Instead of invasive biopsies, doctors could soon detect melanoma metastasis with a handheld scanning device. A team of researchers from Germany may have found a way to replace risky biopsies with audio-visual imaging techniques that detect cancer’s spread in the body.
Melanoma is the deadliest form of skin cancer caused by ultraviolet radiation damages to the skin cells. According to the Skin Cancer Foundation, melanoma kills over 9,000 Americans each year, making it the fifth most common cancer in the U.S.
According to the Melanoma Research Foundation, the most dangerous aspect of melanoma is its ability to metastasize – using the body’s lymph nodes to spread to distant sites like the liver, lung, bones, and brain. Thus, enlarged or abnormal lymph nodes can alert doctors of the cancer’s spread. But melanoma can also spread quietly, and even without enlargement, doctors perform a pre-emptive procedure known as sentinel lymph node biopsy (SLNB) to “grade” the cancer and check for metastasis.
The SLNB procedure involves injection of a radioactive substance or dye near the tumor to locate the position of the sentinel lymph node. Following the path of radioactivity or dye trail, the surgeons land upon the “sentinel” nodes, which get removed and analyzed for cancer presence.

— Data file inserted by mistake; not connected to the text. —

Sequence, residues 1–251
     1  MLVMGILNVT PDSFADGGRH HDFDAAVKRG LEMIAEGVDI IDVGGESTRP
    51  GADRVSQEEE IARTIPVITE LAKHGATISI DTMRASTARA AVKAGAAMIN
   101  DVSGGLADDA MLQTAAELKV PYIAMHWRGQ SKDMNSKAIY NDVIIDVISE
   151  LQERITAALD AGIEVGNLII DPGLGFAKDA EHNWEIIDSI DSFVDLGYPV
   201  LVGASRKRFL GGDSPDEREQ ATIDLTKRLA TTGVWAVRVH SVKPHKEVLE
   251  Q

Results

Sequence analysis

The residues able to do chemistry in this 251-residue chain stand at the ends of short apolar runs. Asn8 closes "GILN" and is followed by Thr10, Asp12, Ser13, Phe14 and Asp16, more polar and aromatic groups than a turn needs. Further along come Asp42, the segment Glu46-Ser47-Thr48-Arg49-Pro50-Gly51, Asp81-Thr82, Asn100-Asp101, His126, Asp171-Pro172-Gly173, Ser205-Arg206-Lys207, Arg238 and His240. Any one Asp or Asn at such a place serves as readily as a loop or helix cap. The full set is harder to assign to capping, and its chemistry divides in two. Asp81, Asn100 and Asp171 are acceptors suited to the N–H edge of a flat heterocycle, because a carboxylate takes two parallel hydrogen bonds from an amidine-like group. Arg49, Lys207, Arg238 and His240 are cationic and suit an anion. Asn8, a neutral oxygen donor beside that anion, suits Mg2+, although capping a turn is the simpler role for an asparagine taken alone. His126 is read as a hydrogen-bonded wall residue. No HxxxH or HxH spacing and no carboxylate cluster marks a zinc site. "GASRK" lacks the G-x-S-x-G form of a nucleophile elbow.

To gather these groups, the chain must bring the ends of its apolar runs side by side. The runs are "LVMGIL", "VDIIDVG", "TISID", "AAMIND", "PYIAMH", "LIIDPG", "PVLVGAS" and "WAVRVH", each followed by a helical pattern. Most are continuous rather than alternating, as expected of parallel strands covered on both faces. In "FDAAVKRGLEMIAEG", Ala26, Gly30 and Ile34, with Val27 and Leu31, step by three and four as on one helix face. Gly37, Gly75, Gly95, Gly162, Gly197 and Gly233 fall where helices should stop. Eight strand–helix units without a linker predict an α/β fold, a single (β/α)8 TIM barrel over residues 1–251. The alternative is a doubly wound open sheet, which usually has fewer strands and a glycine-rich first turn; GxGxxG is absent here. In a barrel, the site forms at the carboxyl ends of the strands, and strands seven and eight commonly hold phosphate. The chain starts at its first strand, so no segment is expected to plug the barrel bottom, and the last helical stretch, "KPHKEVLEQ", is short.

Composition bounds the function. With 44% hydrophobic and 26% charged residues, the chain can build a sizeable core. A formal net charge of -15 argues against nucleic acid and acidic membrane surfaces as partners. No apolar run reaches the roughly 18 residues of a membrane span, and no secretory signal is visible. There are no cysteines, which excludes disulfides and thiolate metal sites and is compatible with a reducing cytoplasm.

This biopsy procedure detects metastatic melanoma in only about a third of patients; yet the procedure puts all patients at risk for infection and nerve damage to the head and neck area.
Researchers hope the new technique will bypass the biopsy all together.
The technique, called multispectral opto-acoustic tomography
(MSOT), uses light and sound to locate rogue melanin pigments in the sentinel lymph nodes. Instead of radioactive materials, researchers inject a green dye into the primary tumor site. Then the handheld MSOT illuminates the patient’s tissues with light pulses at multiple wavelengths, allowing researchers to track the dye’s path to sentinel nodes.
At the nodes, the device generates an ultrasound signal at the presence of melanin. Melanin pigment is produced only by melanoma cells, and its presence in the lymph nodes indicates that the melanoma has metastasized. Conversely no melanin indicates absence of metastasis, and prevents further unnecessary procedures.
The researchers tested the MSOT technique in 506 lymph node biopsies removed from 214 melanoma patients. Their technique reportedly outperformed the conventional diagnostic approach at correctly identifying cancer metastasis by 8.7%. Then in a group of 20 melanoma patients who had yet received surgery, the MSOT technique correctly visualized 100% cases of metastasis, ruling out cancer spread in more than 50% of patients.
A non-invasive and non-radioactive way to detect cancer metastasis sounds great! But is this technique good enough to replace biopsies? Not just yet. Though they reported 100% sensitivity, i.e. no false negatives, the specificity is low at 48-62%, meaning that around half of cases are identified as false positives. Ultimately, the researchers have to demonstrate that this technique is as good as lymph node surgery, and they can only do so with repeated trials in a much larger study size.
Source: Science Translational Medicine